On this day in 1617, a riot took place in London, as described in a letter written by John Chamberlain (see also January 8th posting) to Sir Dudley Carleton, as follows:
“On … Shrove Tuesday, the ‘prentices, or rather the unruly people of the suburbs, played their parts in divers places, as Finsbury Fields, about Wapping, by St Catherine’s, and in Lincoln’s Inn Fields, … in pulling down of houses, and beating of guards that were set to keep rule, specially at a new playhouse, some time a cockpit, in Drury Lane, where the queen’s players used to play. Though the fellows defended themselves as well as they could, and slew three of them with shot, and hurt divers, yet they entered the house and defaced it, cutting the players’ apparel into pieces, and all their furniture, and burnt their playbooks, and did what other mischief they could… . There be divers of them taken since and clapped up, and I make no question but we shall see some of them hanged next week, as it is more than time they were”.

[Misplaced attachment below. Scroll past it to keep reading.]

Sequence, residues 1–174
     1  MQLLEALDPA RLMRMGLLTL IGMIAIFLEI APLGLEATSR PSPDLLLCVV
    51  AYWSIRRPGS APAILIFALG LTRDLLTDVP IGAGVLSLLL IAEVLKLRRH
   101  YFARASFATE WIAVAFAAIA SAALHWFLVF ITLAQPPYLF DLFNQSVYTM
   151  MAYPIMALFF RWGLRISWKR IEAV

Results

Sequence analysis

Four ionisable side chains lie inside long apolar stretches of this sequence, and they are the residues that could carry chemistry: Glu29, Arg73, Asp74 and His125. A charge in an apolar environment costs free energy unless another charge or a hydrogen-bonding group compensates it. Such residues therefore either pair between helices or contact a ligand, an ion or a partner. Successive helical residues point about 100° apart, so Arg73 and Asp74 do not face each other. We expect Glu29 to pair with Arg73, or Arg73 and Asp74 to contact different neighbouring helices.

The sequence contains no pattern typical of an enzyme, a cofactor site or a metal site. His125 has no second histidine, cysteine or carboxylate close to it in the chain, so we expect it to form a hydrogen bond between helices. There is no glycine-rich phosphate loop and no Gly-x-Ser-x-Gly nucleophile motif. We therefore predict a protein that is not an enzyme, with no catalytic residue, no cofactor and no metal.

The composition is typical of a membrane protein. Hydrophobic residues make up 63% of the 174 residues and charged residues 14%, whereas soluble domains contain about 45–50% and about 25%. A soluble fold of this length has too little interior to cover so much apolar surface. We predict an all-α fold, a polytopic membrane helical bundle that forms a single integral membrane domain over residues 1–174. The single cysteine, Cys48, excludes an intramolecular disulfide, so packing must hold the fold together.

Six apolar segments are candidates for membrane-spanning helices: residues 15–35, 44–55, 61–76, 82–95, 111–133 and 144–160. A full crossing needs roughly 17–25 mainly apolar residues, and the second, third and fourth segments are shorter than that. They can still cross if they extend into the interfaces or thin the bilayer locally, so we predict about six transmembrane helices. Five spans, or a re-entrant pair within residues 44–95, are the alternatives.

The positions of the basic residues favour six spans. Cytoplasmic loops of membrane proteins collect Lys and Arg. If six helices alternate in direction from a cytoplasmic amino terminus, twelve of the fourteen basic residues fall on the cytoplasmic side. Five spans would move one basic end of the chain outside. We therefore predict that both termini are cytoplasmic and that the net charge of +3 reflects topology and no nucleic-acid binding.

It was not an isolated event. Between 1606 and 1641, there were a total of 24 such Shrove Tuesday riots, generally targeting “bawdy-houses”. And on Tuesday March 24th, 1668, there was another particularly large one, involving tens of thousands of the populace, and described by Samuel Pepys in his diary.